Two years after her stroke, NFP head is back in the House

2016-11-27 10:32
Zanele Magwaza-Msibi

Zanele Magwaza-Msibi

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A glowing Zanele Magwaza-Msibi used the chaos in the National Assembly during last week’s no-confidence vote against President Jacob Zuma to quietly return to her parliamentary seat and lead her National Freedom Party (NFP) caucus.

She was absent from Parliament for about two years, after suffering an almost debilitating stroke.

“I am doing pretty well, as you may have noticed for yourself during one of the parliamentary sessions I attended recently,” she told City Press this week.

“My health has improved significantly, resulting in my medical team seeing fit to ­allow me to gradually ­return to my duties as an MP as well as the deputy minister of science and technology.”

Magwaza-Msibi added that she returned to her deputy ministerial duties back in February but only went to the office three days a week, on the advice of her medical team “who insist that I take things slowly”.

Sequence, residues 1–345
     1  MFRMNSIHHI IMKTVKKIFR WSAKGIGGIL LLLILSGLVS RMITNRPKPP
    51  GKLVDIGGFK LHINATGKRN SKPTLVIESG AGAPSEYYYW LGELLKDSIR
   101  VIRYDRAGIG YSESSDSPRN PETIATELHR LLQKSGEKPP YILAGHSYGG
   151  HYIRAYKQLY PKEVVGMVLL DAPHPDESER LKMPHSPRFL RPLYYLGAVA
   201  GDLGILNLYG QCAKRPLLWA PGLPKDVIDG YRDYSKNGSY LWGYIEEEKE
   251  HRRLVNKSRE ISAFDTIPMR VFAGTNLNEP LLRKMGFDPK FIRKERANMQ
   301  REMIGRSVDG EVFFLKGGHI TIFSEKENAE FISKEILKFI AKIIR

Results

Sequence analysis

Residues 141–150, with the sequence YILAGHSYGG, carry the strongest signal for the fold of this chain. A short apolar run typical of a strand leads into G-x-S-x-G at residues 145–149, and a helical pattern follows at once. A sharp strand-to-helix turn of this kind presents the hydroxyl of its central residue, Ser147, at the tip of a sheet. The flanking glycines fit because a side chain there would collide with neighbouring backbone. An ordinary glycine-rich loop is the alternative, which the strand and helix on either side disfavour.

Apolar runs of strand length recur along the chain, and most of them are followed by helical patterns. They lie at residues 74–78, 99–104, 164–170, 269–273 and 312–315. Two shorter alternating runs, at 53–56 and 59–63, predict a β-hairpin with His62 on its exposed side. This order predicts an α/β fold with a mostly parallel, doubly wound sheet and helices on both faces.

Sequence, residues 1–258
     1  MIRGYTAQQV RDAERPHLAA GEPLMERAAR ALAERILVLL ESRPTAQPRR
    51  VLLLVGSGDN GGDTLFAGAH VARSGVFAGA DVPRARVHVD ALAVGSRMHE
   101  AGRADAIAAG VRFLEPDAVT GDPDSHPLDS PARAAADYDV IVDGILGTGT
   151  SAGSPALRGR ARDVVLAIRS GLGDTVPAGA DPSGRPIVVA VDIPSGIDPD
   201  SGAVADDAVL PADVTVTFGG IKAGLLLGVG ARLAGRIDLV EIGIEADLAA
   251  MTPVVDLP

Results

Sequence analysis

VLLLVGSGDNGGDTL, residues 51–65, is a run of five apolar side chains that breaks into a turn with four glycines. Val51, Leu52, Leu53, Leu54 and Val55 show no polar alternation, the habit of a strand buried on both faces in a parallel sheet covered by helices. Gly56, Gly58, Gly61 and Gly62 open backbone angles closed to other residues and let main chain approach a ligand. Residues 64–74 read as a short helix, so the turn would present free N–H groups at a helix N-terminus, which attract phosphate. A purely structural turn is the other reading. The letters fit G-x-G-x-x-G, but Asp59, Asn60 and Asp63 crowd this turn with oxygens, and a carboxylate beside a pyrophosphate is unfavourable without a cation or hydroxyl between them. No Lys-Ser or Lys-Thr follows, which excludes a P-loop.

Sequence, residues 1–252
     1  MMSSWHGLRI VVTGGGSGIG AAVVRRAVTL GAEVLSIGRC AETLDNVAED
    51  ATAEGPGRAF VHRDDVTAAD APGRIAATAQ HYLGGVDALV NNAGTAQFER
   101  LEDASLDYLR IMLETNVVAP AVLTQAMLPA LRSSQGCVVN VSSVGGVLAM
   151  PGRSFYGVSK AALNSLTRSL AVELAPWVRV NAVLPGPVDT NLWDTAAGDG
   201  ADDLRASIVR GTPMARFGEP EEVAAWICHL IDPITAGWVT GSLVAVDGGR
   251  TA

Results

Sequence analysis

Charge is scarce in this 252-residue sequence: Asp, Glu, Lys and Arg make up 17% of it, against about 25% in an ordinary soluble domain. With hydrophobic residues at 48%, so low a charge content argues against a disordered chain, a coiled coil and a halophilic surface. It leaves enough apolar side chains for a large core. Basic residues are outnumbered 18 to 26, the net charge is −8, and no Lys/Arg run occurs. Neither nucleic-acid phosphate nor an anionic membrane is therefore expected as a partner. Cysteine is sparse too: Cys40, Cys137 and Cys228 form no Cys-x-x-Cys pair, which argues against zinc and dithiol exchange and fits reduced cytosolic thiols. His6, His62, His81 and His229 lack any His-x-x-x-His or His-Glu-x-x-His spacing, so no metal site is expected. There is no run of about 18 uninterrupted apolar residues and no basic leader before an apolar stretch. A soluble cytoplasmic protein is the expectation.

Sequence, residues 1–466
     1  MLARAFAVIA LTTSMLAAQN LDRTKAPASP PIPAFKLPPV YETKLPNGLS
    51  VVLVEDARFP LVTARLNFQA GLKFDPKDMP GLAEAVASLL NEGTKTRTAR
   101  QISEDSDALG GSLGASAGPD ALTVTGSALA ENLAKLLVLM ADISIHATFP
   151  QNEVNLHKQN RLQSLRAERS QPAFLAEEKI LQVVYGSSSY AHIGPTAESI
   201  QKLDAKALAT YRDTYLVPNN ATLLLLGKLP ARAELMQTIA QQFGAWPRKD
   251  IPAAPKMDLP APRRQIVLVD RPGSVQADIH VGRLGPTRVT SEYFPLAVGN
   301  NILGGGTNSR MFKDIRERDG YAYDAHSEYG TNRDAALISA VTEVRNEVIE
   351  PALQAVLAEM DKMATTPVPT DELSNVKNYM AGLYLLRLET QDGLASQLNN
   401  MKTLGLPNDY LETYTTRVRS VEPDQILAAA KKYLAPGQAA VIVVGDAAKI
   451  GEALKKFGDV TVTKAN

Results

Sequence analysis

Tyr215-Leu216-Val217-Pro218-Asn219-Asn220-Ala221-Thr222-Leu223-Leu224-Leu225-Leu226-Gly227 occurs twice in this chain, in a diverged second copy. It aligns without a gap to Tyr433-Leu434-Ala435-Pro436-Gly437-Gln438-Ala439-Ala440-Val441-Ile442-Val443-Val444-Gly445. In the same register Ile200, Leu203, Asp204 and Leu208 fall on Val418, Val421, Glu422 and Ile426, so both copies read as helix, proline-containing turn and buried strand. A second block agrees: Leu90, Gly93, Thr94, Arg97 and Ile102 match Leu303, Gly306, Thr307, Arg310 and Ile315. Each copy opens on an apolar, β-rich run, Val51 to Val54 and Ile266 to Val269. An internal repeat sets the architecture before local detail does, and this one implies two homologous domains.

She suffered a stroke on November 16 2014, just six months after Zuma appointed her to the executive.

This was after the NFP, then three years old, clinched about 290 000 votes in the May 2014 general elections – and, in so doing, became the fifth-best performer at the polls.

It earned the party six seats in the National Assembly.

The NFP was instrumental in helping the ANC increase its reach and take over municipalities which, until then, had been the stronghold of the Inkatha Freedom Party, by agreeing to form coalitions in those municipalities.

She also made a rare public appearance in Vryheid in KwaZulu-Natal when the ­party launched its election manifesto in June, but was so weak that she was unable to deliver her keynote address.

She is now able to walk without assistance but is still regaining her speech, which was affected by the stroke.

Part of this interview was done in writing as she could not conduct lengthy ­verbal discussions.

Despite her challenges, Magwaza-Msibi said she had been involved in party matters, providing necessary directives and giving guidance where needed.

She stressed that the NFP was not a “one-person party” as the leaders of the national executive and national working committee were responsible for running party affairs.

“They have done tremendous work thus far,” she said.

She was full of praise for Zuma and his ­entire Cabinet:

“They have constantly checked on my progress and lent all the ­necessary support I needed during the ­entire time, something I am very grateful for.”

Read more on:    nfp  |  jacob zuma  |  zanele magwaza-msibi  |  politics

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